Updates to Existing Google Webmaster Guidelines

Next to new webmaster guidelines, there are also a lot of updates to existing guidelines. I want to touch on the most important ones:

Links & Site Structure

Among the updated guidelines, Barry also highlighted the section about links. It used to read:

Make a site with a clear hierarchy and text links. Every page should be reachable from at least one static text link.

Now it reads:

Ensure that all pages on the site can be reached by a link from another findable page. The referring link should include either text or, for images, an alt attribute, that is relevant to the target page.

What’s noteworthy here is that Google talks specifically about the value of the [ALT] modifier of an image.

As if to put an exclamation point on that concept, Google also says:

Try to use text instead of images to display important names, content, or links. If you must use images for textual content, use the alt attribute to include a few words of descriptive text.

XML & HTML Sitemaps

Google is recommending not just a sitemap for Google, but also a regular version for humans visiting the site.

Provide a sitemap file with links that point to the important pages on your site. Also provide a page with a human-readable list of links to these pages (sometimes called a site index or site map page).

…and…

Offer a site map to your users with links that point to the important parts of your site. If the site map has an extremely large number of links, you may want to break the site map into multiple pages.

 

Blocked Resources

This is a slight change in wording from the old version that talks about the importance of letting Google “see” the same thing as a user sees.

To help Google fully understand your site’s contents, allow all site assets that would significantly affect page rendering to be crawled: for example, CSS and JavaScript files that affect the understanding of the pages. The Google indexing system renders a web page as the user would see it, including images, CSS, and JavaScript files.

Content Visible By Default

This is more of an issue for designers than for SEOs (we’ve been preaching this for a while) but Google is pushing for all of the content to be visible when the user lands on a page and not hidden behind <div> tags and tabs:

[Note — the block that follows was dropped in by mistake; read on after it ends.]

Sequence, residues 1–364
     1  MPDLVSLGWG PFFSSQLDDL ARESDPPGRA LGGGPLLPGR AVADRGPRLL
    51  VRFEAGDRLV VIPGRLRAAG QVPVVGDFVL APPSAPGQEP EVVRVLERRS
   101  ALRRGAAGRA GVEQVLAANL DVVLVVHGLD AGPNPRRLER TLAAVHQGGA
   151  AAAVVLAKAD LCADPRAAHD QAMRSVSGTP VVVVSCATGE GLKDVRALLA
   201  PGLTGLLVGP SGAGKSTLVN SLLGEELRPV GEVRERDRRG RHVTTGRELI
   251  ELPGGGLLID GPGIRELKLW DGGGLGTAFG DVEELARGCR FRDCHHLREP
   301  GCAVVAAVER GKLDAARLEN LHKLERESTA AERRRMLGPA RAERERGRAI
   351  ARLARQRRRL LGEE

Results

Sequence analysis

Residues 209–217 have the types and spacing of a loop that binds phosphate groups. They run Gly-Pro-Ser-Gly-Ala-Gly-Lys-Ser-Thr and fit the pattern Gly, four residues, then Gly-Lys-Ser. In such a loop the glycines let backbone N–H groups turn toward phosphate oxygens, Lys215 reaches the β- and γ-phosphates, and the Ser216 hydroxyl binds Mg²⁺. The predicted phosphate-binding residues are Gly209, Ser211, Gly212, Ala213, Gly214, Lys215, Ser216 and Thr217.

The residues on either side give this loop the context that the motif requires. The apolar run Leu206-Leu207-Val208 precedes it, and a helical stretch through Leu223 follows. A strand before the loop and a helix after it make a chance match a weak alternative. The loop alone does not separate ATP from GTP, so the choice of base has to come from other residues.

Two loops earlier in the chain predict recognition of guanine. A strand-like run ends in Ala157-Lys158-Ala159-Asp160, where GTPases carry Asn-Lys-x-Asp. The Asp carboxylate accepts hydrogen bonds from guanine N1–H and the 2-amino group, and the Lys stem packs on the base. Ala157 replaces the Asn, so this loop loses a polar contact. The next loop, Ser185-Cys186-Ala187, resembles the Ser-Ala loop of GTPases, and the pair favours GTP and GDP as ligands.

Make your site’s important content visible by default. Google is able to crawl HTML content hidden inside navigational elements such as tabs or expanding sections, however we consider this content less accessible to users, and believe that you should make your most important information visible in the default page view.

The Bottom Line

Though there are some interesting changes and additions here, the majority are common sense for most active SEOs. But if you are just a webmaster to a single site trying to get it ranking better, it’s definitely worth reading and paying attention.

 

As the Founder of Expert SEO Consulting, Eric Richmond brings with him more than 20 years of experience in advertising and technology consulting. Prior to forming Expert SEO Consulting, Eric served as Head of Audience Development for Complex Media, VP of Search and Social Media for TechMediaNetwork. Before that, Eric was VP of Technology & SEO at 360i, where he was responsible for overseeing the development of proprietary technology solutions for 360i in addition to managing the Agency’s SEO practice. Eric came to 360i from RichFX, where he served as Director of Strategic Accounts serviced clients list Wal-Mart, The Home Depot and Safeway. Prior to RichFX, Eric was VP/Global Account Director at Viewpoint, as well as CTO for Grey Interactive Worldwide and VP/Technology for APLDigital.